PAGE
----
Three hours later, the lion returned and attacked a ranger who was standing guard over Miedema's body until the coroner arrived. The ranger shot and wounded the animal, which was then tracked and killed.
This was the second mountain lion to attack a Colorado national park visitor in three days. On the afternoon of July 14, on Mesa Verde National Park's northern edge, an attack near a parking lot left a 4-year-old French boy with lacerations to his left ear, shoulder and nose.
Park rangers were escorting the boy's family off a trail near where a lion had been spotted. When the boy saw the lion, a young male, just off the trail, he screamed and ran, apparently provoking the lion's chase instinct. The animal pounced and dragged him into the bushes. The boy's family scared the lion off and rangers shot and killed it.
Department of Wildlife officials say Colorado's rapid urban growth and the popularity of the state's national parks have made attacks inevitable. As tourists pour into wilderness areas during the summer, where wildlife are protected from hunting, animals shed their instinctive fear of humans.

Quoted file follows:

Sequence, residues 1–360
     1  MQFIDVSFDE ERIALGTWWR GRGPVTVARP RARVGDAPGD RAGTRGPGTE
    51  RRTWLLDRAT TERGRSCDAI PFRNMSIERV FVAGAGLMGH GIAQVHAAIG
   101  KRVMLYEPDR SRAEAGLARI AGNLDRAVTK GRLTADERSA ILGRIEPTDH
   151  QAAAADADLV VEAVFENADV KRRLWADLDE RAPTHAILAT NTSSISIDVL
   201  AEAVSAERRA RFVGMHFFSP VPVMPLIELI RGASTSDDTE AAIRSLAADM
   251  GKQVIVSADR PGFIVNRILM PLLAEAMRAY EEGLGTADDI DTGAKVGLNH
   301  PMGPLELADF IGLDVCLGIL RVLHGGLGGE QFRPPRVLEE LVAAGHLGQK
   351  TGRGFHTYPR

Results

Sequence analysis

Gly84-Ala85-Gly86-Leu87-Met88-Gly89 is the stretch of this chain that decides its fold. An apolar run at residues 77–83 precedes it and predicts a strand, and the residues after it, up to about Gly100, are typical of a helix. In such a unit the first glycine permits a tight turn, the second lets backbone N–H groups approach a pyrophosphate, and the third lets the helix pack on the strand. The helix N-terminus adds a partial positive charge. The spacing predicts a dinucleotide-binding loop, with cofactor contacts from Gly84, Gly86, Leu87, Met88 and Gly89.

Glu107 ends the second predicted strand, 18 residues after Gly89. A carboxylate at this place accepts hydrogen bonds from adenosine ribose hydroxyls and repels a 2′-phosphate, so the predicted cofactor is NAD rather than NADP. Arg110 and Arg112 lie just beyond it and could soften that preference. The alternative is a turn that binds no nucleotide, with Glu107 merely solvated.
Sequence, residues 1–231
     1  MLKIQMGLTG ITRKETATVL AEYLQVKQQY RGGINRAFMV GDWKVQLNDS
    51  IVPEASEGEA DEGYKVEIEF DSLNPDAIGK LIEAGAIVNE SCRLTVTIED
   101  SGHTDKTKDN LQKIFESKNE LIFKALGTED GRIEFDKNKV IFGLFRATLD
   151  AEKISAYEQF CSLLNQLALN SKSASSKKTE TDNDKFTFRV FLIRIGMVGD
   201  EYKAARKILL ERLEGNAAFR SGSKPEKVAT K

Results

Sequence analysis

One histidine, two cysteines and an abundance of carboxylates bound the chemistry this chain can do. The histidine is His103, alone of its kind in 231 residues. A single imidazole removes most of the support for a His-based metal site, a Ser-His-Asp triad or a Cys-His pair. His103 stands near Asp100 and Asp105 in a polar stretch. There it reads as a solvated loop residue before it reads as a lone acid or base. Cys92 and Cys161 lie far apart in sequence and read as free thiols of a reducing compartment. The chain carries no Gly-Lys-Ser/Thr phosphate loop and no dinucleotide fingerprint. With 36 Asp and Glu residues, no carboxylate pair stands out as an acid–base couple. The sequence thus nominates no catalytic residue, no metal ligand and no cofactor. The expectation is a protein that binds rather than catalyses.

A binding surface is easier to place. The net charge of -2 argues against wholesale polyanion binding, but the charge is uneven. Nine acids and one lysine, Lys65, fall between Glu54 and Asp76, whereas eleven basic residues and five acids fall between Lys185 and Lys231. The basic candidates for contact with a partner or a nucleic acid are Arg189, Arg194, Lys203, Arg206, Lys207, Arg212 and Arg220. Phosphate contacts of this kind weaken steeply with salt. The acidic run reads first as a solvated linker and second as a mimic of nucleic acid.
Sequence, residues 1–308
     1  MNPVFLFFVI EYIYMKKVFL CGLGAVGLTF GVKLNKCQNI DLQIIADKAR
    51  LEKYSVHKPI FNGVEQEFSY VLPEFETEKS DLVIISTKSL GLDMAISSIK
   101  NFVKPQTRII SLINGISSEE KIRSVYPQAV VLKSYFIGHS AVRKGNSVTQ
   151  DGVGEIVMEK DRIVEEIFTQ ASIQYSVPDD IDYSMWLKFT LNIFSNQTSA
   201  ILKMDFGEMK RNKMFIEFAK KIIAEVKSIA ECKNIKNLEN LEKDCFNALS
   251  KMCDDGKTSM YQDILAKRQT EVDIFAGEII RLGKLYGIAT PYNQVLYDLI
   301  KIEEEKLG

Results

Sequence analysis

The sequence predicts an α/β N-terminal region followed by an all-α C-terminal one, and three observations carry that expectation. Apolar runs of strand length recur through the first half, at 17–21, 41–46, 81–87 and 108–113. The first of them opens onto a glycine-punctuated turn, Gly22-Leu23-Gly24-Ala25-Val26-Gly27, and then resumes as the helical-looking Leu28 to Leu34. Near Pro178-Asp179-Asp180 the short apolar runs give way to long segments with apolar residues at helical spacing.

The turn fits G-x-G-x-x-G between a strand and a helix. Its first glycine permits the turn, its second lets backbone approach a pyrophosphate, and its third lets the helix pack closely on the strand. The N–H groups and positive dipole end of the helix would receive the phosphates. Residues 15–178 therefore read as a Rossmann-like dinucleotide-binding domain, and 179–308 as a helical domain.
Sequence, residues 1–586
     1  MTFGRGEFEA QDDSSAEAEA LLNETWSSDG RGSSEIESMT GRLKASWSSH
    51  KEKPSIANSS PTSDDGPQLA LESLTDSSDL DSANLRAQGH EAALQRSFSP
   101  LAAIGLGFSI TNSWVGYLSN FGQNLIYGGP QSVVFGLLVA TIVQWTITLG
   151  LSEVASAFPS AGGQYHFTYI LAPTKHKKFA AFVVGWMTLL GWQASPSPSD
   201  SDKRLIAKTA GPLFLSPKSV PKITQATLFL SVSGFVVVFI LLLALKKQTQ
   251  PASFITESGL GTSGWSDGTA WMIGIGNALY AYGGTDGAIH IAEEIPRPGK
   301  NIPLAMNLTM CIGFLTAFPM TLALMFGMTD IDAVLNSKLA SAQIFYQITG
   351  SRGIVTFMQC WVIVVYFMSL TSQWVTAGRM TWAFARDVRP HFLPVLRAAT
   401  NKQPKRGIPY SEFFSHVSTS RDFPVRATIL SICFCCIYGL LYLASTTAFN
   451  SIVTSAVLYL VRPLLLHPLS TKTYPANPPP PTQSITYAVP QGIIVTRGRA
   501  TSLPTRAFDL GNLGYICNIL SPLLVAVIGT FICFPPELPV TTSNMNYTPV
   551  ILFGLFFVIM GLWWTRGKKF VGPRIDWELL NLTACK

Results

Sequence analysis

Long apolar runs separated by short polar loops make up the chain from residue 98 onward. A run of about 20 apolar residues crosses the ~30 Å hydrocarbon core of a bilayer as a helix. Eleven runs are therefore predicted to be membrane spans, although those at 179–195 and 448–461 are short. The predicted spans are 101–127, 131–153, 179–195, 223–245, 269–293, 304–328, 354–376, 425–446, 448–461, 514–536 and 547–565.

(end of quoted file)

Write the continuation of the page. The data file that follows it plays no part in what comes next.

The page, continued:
"There's just no reason for (lions) to be afraid of us," says Todd Malmsbury, Division of Wildlife spokesman. "Clearly, there will be more encounters."
Still, lion attacks are rare. Lions have killed fewer than a dozen people in the United States this century, including two in the last seven years in Colorado, where the lion population is estimated at around 3,000. The last fatal attack in Colorado took the life of an Idaho Springs jogger in 1991.
State wildlife officials also say there are more lions in Colorado now than at any other period since World War II. This is largely because their traditional food sources - elk, deer, and small mammals like raccoons - are more plentiful. In 1965, Colorado was also the first state to ban hunting lions for bounty, though hunting them in season is still legal. Officials say sightings and legal hunting kills have increased steadily. Last year, hunters took 319 mountain lions, double the annual average 10 years ago.
Officials advise people not to turn and run from a lion. Instead, people should wave their arms and stand tall while slowly backing away.
But, says Malmsbury, "You are many more times likely to be struck by lightning than attacked by a lion."
* Jamie Murray and Peter Chilson